This seems like a lesson in critical thinking and avoiding confirmation biases.
There are psychopaths, and there are people who are just out to cause the most damage and be the worst example of human behavior. But that’s not true of most people. The Trump supporters that are storming the U.S. Capitol are certainly misguided, and it’s because they’re motivated by something that they believe to be real. The reason they believe the things that they believe — and, in particular in this case, the conspiracy theories peddled by the president — is because they’re not properly processing this information critically. They’ve never been exposed to the tools and the skills to help navigate information critically. None of us are. I only happened upon skepticism and critical thinking by stumbling upon them in a magazine I got before I hopped on a plane to go do skate competitions in Europe. I didn’t discover it in school; no one showed it to me. Now, I teach my daughter this.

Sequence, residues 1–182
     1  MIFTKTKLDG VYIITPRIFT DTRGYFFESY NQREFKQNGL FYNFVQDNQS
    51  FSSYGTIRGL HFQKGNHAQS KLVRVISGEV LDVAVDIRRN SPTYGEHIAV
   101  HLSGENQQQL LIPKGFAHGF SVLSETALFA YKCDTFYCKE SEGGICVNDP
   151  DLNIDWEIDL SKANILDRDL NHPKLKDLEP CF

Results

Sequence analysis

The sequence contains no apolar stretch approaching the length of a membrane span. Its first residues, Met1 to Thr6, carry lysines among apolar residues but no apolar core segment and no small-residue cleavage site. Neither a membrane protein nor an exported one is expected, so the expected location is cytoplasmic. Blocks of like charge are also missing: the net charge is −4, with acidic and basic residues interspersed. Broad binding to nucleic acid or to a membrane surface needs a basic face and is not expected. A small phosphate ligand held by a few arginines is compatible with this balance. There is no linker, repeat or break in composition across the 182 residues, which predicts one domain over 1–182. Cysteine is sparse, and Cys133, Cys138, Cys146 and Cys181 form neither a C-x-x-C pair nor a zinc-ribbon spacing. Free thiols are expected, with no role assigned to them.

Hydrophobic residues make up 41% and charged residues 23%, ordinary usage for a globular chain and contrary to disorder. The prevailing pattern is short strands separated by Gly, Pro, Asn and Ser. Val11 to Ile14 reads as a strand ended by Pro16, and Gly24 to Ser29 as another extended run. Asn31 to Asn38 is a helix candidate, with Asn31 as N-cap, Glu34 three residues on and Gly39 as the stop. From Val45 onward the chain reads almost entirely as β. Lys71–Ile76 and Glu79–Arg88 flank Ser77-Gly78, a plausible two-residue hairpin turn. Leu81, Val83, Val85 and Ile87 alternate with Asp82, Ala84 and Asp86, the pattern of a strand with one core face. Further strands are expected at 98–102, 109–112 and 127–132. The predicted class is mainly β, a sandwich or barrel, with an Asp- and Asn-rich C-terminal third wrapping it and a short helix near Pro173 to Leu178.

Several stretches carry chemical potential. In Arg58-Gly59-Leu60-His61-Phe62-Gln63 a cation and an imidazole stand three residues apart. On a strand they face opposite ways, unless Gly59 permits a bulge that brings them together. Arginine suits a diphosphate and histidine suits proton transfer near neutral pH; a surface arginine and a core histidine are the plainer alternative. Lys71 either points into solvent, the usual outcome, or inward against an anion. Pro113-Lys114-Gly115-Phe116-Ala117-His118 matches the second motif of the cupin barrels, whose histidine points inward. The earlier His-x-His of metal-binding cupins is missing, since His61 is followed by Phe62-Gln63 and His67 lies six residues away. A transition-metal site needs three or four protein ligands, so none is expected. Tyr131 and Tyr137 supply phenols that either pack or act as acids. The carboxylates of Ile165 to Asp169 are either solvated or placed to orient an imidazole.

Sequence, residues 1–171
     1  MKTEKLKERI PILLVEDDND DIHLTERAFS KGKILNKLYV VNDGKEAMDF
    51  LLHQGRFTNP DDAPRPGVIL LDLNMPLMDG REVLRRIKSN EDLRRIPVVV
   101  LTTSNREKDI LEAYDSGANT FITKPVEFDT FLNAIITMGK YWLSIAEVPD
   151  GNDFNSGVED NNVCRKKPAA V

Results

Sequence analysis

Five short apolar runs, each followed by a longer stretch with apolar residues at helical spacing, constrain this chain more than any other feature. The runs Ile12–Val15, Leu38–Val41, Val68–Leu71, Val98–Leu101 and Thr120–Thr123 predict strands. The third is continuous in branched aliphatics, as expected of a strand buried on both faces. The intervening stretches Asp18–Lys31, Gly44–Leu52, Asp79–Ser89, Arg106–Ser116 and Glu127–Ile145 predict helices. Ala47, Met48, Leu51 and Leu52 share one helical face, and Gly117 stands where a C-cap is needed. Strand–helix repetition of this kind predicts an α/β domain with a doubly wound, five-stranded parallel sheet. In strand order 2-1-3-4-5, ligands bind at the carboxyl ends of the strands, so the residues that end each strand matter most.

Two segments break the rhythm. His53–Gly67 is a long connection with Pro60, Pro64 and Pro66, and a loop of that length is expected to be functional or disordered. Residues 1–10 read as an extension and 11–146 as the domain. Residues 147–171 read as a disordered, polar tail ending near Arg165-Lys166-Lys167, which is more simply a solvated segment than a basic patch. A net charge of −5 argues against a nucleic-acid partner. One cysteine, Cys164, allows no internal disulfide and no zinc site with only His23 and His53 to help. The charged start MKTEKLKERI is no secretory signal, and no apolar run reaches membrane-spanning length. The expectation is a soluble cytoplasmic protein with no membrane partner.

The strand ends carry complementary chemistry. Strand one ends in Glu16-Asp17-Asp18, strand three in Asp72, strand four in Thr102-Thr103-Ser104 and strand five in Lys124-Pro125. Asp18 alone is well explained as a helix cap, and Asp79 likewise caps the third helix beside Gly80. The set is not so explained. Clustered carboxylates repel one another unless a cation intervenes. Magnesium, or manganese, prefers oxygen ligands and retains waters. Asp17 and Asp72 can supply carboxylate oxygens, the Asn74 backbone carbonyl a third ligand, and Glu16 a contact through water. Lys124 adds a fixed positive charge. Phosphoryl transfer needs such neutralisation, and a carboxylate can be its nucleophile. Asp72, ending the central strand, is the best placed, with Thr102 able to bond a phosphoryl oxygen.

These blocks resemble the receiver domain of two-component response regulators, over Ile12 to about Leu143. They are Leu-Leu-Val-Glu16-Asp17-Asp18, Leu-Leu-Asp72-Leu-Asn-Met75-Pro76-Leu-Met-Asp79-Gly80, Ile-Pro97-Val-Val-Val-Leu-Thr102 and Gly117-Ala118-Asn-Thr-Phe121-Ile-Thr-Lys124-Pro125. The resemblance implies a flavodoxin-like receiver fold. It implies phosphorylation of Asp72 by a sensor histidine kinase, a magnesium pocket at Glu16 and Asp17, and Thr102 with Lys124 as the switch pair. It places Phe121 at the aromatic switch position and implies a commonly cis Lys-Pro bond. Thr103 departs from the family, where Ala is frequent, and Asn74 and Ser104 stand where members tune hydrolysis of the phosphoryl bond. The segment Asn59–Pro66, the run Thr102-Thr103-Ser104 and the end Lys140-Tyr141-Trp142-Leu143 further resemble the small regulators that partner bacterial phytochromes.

This is a very important modern lesson.
Today, the stakes are very high. If you don’t have the tools to navigate that information intelligibly, then we’re lost. We are seeing that played out on a major scale in real-time, right now.
Like most Americans, all this critical thinking is making my brain hurt — so let’s pivot back to art. In counterculture activities, there’s this lovely intersection that takes place between the action — in this case, rollerblading — and the art surrounding it like film, photography and illustration, all of which allows outsiders to peer into the culture seamlessly. Why is that?